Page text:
Banned Books Week: CRANK

Book cover for Crank. Black background with title in white letters.Crank
Ellen Hopkins

I I realize it’s Thursday of Banned Books Week and I still haven’t posted a review of a banned book, despite pledging to do so. Bad blogger. Well, here goes:

I read Crank a couple weeks ago when I was traveling. I pulled it out on my plane ride, and despite not really loving the book, finished about half of it by the time we landed. The book is nearly 500 pages long, but those pages are covered in free verse, leaving quite a bit of white space.

Number one: I was not a fan of this format. It didn’t feel like a book told in poems, but more like an outline of a book.

Number two: Lots of banned books are great books. This one… not so much.

The book is about a teenage girl who gets hooked on meth/crank/the monster. It’s based on the experiences of the author’s daughter. Spoilers Ahead: It’s rather juvenile and heavy handed in a way that I didn’t care for. Mom likes the beautiful lifeguard boyfriend who turns out to be a rapist and heavy drug user, while not being impressed with the “ugly” nice guy who trys to keep his drug use under control. There’s this whole “thank you for honoring your child” line that read as total BS when it turns out that the protaganist is pregnant by her rapist. Why is so difficult to portray abortion as a viable choice for a teenage meth addict who continues to intermittently use even after she finds out she’s pregnant? /End Spoilers.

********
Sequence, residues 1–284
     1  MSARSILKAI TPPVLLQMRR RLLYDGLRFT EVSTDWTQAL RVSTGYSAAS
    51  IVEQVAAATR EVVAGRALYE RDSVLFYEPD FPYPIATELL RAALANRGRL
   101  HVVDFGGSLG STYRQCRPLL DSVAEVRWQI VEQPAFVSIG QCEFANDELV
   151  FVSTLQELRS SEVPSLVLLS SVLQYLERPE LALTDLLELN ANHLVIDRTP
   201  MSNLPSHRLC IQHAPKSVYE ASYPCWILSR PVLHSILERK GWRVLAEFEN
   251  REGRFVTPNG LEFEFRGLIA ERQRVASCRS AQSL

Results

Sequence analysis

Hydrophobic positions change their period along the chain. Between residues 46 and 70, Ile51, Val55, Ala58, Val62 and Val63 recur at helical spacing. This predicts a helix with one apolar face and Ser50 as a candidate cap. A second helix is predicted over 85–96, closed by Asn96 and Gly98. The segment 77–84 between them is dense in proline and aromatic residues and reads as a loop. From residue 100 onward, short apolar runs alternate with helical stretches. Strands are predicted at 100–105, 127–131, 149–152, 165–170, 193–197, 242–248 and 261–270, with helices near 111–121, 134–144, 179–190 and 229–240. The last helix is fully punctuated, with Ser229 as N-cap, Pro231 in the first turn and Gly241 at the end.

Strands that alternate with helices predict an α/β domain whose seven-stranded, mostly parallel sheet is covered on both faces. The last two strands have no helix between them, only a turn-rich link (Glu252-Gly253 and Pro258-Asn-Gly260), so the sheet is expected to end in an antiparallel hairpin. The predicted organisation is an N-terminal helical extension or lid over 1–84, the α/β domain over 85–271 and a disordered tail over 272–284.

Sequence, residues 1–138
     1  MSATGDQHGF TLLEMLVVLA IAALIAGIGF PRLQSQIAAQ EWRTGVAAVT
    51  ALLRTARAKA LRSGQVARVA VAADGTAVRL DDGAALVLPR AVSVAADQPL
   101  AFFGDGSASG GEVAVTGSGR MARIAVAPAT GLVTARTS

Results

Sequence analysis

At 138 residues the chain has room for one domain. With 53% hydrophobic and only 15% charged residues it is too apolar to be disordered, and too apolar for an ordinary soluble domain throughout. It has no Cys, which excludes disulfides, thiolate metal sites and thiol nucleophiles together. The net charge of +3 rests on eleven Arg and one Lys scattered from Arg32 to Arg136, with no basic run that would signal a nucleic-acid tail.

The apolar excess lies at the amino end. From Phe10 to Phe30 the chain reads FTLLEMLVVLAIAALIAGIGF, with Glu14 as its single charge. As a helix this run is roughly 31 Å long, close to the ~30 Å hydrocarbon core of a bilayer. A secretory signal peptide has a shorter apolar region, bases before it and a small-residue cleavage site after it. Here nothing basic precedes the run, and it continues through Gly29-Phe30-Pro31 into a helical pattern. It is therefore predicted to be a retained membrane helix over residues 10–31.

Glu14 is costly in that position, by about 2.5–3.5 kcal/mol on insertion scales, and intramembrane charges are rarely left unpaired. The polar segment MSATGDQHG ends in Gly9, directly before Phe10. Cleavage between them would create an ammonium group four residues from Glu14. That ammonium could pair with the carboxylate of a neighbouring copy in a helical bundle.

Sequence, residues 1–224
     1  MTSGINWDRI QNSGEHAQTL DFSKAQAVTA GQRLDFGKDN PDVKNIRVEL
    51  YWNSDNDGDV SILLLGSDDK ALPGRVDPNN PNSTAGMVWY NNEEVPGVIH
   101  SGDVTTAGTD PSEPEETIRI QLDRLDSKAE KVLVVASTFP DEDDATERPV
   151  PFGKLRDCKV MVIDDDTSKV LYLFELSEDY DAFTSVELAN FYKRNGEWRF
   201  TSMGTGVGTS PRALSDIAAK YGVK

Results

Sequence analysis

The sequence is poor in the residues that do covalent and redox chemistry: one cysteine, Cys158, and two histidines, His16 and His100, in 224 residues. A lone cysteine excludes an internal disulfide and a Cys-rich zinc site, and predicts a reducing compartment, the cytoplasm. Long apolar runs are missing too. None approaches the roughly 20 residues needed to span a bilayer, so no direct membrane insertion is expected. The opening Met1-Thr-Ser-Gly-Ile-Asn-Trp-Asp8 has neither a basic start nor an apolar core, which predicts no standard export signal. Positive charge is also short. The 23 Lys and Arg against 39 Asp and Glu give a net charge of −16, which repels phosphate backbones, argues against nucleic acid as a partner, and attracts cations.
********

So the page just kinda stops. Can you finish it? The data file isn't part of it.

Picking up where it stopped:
Might it be valuable to show teenagers the dangers of trying meth? Sure. Do I think it should be banned? No. Do I think it’s a fine piece of literature? No.

Further Reading: Check out this interesting Mother Jones article about how Big Pharma is keeping meth cookers in business: Merchants of Meth.


5 thoughts on “Banned Books Week: CRANK

  1. Great review! This really made me laugh: “Lots of banned books are great books. This one… not so much.” To some, the fact that a book was challenged/banned is an indicator of high quality when that isn’t necessarily the case.

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